FanCentro wanted to ensure that all these newcomers have a solid foundation to begin their careers on, and the course attracted over 700 students when it first launched, only skyrocketing from there, and according to Michaels, the feedback has been overwhelming. Similarly, the course is also popular among existing members. “For veteran models who have been on the platform for a few years now, they come into the course and they still find something to take away from it that they didn’t know and didn’t consider,” shares Michaels.
Michaels also describes an “influx” of influencers joining the platform as a result of the pandemic, which she believes to be a major factor to the destigmatisation of sex work. Interestingly enough, the discourse around influencers joining these spaces has mixed views: many have previously criticised influencers for creating more competition as well as often scamming their subscribers by overexaggerating the extent of the nudity in their content.
Just last month, actress Bella Thorne came under fire for creating an OnlyFans account and selling $200 dollar photos that did not come as described. This resulted in OnlyFans changing their rules and regulations by setting limits on how much creators can earn and how often they get paid, which understandably, has ruined a lot of the content creators’ stability and income flow.
Nevertheless, Michaels explains that “everytime a mainstream influencer crosses into our industry and into our space, it brings in new fans into the space, users, and more money,” which essentially helps defeat stigma. “The more people we have in the space who are educated and can navigate it better, it’s going to help us long term as a community,” adds Michaels. So the course is immensely beneficial for anyone deciding to enter.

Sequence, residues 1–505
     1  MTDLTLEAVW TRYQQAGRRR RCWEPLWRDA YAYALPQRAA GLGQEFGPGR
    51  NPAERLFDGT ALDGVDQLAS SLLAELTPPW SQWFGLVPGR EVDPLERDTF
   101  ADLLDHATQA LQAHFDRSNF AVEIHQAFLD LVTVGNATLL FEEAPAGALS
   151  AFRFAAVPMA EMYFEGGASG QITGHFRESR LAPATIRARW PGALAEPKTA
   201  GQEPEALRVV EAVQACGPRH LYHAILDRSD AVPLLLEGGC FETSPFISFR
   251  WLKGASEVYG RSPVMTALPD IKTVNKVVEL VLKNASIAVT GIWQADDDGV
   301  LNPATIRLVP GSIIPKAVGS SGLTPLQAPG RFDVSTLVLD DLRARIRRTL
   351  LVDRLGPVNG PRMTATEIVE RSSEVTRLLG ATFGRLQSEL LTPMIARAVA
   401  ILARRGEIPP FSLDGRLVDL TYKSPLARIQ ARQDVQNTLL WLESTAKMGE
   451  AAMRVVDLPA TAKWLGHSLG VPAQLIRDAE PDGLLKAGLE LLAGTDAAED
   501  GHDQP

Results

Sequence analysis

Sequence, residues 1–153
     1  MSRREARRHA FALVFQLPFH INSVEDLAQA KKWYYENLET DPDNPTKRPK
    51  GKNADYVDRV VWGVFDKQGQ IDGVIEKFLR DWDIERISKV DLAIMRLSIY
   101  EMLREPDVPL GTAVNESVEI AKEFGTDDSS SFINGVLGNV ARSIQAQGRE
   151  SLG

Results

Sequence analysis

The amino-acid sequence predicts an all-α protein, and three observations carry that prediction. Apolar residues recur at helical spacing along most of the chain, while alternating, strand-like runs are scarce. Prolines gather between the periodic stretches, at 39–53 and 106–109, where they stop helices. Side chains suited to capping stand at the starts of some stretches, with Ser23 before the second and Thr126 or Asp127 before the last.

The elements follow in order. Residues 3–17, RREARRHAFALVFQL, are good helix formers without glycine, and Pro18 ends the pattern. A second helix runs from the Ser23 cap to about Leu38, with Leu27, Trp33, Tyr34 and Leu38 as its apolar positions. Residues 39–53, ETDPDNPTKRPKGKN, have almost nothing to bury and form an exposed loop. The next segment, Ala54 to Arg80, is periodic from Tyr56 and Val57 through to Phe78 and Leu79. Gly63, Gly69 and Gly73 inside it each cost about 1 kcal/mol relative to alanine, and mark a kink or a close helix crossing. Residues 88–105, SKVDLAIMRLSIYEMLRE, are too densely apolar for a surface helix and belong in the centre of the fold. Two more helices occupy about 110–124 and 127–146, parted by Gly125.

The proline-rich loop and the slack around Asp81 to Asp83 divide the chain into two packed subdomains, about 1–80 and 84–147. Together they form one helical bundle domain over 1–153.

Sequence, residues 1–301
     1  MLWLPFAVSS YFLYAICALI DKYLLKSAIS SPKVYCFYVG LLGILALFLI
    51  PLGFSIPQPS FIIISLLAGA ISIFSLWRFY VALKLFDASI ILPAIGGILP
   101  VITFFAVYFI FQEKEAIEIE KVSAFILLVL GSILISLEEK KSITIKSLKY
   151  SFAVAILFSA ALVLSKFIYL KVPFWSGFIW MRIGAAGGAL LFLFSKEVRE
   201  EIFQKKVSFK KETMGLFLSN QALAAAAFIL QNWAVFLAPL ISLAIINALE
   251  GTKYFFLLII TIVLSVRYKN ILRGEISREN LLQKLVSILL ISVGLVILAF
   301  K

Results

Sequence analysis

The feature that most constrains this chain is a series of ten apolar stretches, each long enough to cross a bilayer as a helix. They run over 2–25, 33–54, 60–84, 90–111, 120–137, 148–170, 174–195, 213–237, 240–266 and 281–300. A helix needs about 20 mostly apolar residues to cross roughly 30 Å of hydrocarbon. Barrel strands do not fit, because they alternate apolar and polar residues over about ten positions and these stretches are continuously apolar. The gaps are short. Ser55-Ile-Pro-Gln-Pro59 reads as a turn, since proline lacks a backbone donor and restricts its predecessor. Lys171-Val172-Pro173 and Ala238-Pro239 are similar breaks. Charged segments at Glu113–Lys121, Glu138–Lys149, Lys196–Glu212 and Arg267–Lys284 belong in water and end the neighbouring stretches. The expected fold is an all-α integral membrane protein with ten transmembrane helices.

Perhaps Centro University is only the start of the destigmatisation and empowerment of the sex work industry, but it is certainly a driving force in doing so. Forget about meme studies being the next big thing, sex work education might just be it.
Meet Thierry Schaffauser, French social activist, sex worker, adult actor, and writer advocating for sex workers’ rights and the destigmatization of the industry. As a stigmatized industry, sex work is still misunderstood today, especially within politics, meaning that most of us might unfortunately not see how much sex workers’ rights are hindered. In 2003, the Loi Sarkozy II (LSI) laws in France outlawed passive solicitation. In other words, someone being present at a place known for prostitution while wearing revealing clothing would not be able to get off the hook. And not much has improved since then, as sex workers are still being exploited, while the government contributes to this exploitation instead of alleviating it.
As a key figure in the sex worker rights movement, Schaffauser is constantly working towards dismantling these issues—in nearly two decades, he has co-founded Les Putes, a Paris-based organisation defending sex workers rights in opposition of the LSI laws, founded Hackney Pride, wrote and published a series of articles educating the general public on sex workers rights, and is now working with STRASS, the French sex workers’ union. Screen Shot spoke to Schaffauser about his work, political affiliations within the sex work industry, and what he believes its future will look like.
1. How did you embark on your career within the industry?